Facing coat



Forms a boundary or barrier layer between sand and metal in order to suppress failure mechanisms in a targeted way in these place or in order to use metallurgical effects.

A facing coating is made up of the following components: Fire-resistant materials, carrier liquid, binding materials and regulating materials (suspension materials, additives). The selection of the right fire-resistant materials is incredibly significant and can be subdivided into granular and flaky groups. Granular minerals usually have a high density and are highly fire-resistant. Flaky minerals, on the other hand, have a low density and may either be fire-resistant or less fire-resistant. Only the optimum combination and selection of these materials leads to correspondingly good casting results (Hüttenes-Albertus Chemische Werke GmbH).

The fire-resistant material is the most important part of the coating; it covers the mold and/or core surface and closes the sand pores so that casting metal does not penetrate them.

Examples of such fire-resistant materials are coke, graphite, quartz, zirconium silicate, mica, magnesite, aluminum silicate, chamotte, as well as metallurgically effective and other components. Combinations of these basic materials are also common.

Fig. 1 (ASK Chemicals GmbH) gives an overview of the most important materials.Today, the only carrier liquids used are water or alcohol.

The binding materials must develop sufficient binding power both at room temperature and at higher temperatures. The suspension materials should stabilize the viscosity of the carrier liquids or, ideally, increase them so that the fire-resistant materials therefore remain suspended. Common binding materials are synthetic resins and solluble and swellable silicates. During drying, these binding materials then harden on the surface of the mold material. They therefore have an effect on the abrasion resistance, adhesion (the adhesion of the face coating to the mold/core surface), cohesion (bond between the pigment particles) and, if applicable, the bubble formation which can occur during intense drying.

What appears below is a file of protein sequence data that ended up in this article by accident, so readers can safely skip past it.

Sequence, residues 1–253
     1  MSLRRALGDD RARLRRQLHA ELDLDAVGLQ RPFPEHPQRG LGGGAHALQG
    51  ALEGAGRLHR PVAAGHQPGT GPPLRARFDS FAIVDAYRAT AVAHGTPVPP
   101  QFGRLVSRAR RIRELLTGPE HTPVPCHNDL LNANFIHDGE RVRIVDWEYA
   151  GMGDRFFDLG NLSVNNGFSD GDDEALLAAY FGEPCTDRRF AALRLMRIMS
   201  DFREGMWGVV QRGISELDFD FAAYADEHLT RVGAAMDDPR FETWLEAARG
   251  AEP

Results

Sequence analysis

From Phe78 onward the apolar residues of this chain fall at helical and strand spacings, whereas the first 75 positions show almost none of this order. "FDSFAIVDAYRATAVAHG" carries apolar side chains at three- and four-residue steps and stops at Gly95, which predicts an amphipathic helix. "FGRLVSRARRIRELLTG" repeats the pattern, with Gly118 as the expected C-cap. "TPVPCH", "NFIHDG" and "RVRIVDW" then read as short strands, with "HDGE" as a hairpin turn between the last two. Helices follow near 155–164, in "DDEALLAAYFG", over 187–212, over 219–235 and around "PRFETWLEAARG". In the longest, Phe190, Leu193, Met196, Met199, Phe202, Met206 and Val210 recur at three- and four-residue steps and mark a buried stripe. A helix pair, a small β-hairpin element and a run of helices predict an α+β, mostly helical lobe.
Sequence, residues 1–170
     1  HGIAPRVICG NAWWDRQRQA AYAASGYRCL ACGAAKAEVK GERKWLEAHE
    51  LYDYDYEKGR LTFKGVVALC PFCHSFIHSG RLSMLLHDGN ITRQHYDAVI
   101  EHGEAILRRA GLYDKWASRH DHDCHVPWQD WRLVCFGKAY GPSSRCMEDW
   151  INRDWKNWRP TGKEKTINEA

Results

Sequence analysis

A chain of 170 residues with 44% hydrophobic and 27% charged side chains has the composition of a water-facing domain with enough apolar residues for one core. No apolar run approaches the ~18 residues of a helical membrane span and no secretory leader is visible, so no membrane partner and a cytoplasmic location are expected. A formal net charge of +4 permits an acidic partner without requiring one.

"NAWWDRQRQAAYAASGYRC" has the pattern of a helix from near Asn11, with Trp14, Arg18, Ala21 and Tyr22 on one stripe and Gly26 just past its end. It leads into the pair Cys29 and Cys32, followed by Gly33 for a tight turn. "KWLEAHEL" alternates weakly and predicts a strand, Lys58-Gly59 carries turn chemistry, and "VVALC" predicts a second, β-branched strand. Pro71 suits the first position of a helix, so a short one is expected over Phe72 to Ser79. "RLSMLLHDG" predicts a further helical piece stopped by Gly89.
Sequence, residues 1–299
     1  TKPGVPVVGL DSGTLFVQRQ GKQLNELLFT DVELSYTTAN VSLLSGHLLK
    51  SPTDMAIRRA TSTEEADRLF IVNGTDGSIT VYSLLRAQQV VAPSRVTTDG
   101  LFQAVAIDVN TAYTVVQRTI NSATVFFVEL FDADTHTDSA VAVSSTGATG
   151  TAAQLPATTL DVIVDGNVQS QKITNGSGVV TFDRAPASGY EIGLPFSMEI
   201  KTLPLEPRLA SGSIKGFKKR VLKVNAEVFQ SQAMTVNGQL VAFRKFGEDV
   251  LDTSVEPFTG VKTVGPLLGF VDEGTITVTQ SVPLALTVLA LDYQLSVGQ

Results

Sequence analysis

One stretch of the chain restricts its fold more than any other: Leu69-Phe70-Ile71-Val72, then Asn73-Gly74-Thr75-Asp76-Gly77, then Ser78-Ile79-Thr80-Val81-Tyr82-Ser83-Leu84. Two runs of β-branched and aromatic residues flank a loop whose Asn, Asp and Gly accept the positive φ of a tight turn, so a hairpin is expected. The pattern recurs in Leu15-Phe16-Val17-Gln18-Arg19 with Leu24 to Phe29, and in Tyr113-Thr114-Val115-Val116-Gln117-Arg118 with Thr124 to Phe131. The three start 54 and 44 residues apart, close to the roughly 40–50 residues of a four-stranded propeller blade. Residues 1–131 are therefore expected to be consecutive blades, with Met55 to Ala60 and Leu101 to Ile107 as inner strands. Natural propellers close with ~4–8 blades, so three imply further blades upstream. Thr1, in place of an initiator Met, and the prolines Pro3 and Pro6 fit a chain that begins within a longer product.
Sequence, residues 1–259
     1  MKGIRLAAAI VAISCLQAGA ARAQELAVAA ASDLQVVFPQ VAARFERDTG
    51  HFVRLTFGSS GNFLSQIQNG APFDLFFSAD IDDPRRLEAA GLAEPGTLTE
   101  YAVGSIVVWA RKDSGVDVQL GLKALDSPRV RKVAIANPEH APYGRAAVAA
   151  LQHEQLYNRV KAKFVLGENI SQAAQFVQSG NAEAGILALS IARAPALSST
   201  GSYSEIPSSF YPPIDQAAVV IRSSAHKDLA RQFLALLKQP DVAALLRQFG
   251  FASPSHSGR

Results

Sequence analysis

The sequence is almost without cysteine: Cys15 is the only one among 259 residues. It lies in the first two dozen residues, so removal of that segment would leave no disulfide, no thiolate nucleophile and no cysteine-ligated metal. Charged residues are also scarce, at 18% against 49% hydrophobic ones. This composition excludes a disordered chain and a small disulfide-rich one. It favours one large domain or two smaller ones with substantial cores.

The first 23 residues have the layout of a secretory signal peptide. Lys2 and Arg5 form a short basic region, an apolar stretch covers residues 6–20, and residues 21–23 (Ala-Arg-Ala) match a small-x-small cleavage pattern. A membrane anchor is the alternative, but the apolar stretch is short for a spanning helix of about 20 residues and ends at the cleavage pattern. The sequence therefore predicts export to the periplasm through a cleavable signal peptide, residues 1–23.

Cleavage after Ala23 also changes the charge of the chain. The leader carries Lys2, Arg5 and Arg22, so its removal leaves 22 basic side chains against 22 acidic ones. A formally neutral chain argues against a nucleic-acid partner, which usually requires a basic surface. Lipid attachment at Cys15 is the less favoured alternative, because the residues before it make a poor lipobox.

Additives are an important part of modern face coatings. Even low amounts influence the sedimentation of the fire-resistant materials, the flow properties and the viscosity. Furthermore, they are largely responsible for the avoidance of defects such as veining and rat tails.

In addition to the right selection of the fire-resistant materials for the face coating, the setting of the thickness of the face coating has a crucial influence on the casting result and the gas permeability of the sand core. With the low layer thicknesses which are common and also necessary today, casting defects can be avoided effectively, despite metallostatic pressures of several meters and casting temperatures of 1600°C.

If you look at such a face coating layer under the microscope, you can see that a layer which is only two to three grains of sand thick leads to an appropriate protective function (Fig. 2, ASK Chemicals GmbH). While the coarse components of the minerals are deposited on the surface of the sand and provide an insulating and fire-proofing function, part of the fine material penetrates into the subsurface of the sand and can create special effects by doing so.

Face coatings are applied in liquid or paste form. This can be done by painting, injecting, spraying and by flooding or dipping. According to their carrier liquid, the coated molds, cores and similar objects must be dried appropriately. Table 1 (ASK Chemicals GmbH) shows the properties and compositions of various face coatings.

Fig. 3 shows coating principle flood and Fig. 4 shows a new developed "Intelligent Coating Unit" (Foseco Foundry Division Vesuvius GmbH)

Depending on the specific requirements, a distinction is made between core and mold face coatings, ingot face coatings and full mold face coatings. In addition, we also speak of face coatings for cast iron or steel crucibles and for melting tools, casting ladles and similar.

Movie 1 shows the determination of coating properties.

Additional references:
Burn-off facing coat
Burnt-on sand
Mold sand-based casting defect

  • Fig. 1:  Fire-resistant materials for facing coats (ASK Chemicals GmbH, Hilden)
  • Fig. 2:  Polished section of a cold box mold material with a face coating (ASK Chemicals GmbH, Hilden)
  • Table 1: Properties and compositions of various face coatings (ASK Chemicals GmbH, Hilden)
  • Fig. 3: Facing coat, (Foseco Foundry Division Vesuvius GmbH)
  • Fig. 4: Foseco’s fully automated Intelligent Coating Unit: Controls coating density in real-time and therefore delivers greater consistency in wet layer thickness, (Foseco Foundry Division Vesuvius GmbH)
Movie 1
Back to list